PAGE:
What to do when confronted with the failures of U.S. maritime protectionism? Call for more protectionism, of course. That, at least, is the apparent attitude of some members of Congress.
A notable aspect of the Jones Act debate is that the law’s supporters often admit, albeit tacitly, that it isn’t working very well. Rep. John Garamendi (D-CA) is a case in point. Participating in a recent panel discussion at the Brookings Institution, Rep. Garamendi readily conceded the enervated state of U.S. shipbuilding. “What remain of the American shipyards”—approximately 300 shipyards have closed since 1983—consist of “mostly small shipyards,” according to the California Congressman, as well as a few large ones which are “producing ships for the Jones Act but not for the international trade.”
Rep. Garamendi also freely acknowledged that, beyond the decline in shipyards, the United States also suffers from a lack of merchant mariners. Should the federal government call upon U.S. merchant mariners to crew the ships needed to deploy and sustain U.S. forces in time of war, Rep. Garamendi said that current projections show it falling 2,800 short (A 2017 government report found the deficit to be 1,839. This, however, was a best-case scenario assuming every mariner would be available and willing to sail).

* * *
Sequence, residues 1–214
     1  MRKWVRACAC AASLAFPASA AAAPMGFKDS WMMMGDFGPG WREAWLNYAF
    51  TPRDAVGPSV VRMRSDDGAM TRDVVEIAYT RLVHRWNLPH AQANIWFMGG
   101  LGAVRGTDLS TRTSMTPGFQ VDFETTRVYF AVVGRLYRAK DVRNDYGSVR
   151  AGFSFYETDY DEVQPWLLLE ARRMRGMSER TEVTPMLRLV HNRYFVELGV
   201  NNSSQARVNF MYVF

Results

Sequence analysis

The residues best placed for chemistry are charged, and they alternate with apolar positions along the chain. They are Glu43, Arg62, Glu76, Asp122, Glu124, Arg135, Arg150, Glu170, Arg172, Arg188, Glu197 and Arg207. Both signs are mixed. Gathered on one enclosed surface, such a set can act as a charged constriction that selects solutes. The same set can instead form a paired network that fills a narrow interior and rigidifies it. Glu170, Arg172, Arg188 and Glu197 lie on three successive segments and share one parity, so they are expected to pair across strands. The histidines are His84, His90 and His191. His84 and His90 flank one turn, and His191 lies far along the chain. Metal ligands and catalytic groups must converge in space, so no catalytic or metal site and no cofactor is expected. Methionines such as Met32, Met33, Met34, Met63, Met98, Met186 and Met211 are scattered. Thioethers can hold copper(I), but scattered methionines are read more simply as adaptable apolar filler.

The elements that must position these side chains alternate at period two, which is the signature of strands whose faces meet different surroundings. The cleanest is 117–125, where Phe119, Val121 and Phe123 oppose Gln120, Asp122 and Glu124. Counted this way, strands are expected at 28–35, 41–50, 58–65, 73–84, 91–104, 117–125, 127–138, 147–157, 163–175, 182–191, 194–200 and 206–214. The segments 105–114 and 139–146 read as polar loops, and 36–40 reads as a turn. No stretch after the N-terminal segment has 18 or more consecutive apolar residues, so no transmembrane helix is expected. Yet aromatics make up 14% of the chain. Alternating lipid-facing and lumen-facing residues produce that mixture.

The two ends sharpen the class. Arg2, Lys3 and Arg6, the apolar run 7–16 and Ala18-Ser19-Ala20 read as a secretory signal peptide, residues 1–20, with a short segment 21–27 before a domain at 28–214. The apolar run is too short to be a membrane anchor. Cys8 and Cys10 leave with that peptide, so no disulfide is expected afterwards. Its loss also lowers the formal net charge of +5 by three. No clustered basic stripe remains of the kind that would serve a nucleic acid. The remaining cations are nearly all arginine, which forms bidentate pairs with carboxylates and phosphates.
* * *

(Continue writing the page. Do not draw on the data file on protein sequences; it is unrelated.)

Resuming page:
This lack of mariners is no surprise given the steep decline in Jones Act-eligible ships, which have fallen from 326 in 1982 to just 99 today. In sum, fewer shipyards are building fewer ships which in turn employ fewer merchant mariners. Everything is trending in the wrong direction.
But if you were expecting Rep. Garamendi to reconsider his support for maritime protectionism in the wake of such failings, think again. Not only does he remain an ardent defender of the Jones Act, Rep. Garamendi believes that the maritime industry’s salvation is to be found in extending similar provisions to other areas of maritime commerce.
Citing the example of similar laws in Russia, India, and China—those noted paragons of wise economic policy—Rep. Garamendi used his Brookings appearance to highlight a bill called the Energizing American Shipbuilding Act. This legislation, which he vowed to re-introduce in a recent letter both he and Sen. Roger Wicker (R-MS) sent to senior Trump administration officials, would mandate that 15 percent of liquefied natural gas (LNG) exports and 10 percent of oil exports be carried aboard ships that are U.S.-flagged, U.S.-crewed, and U.S.-built.
This bill, if passed, would be a disaster.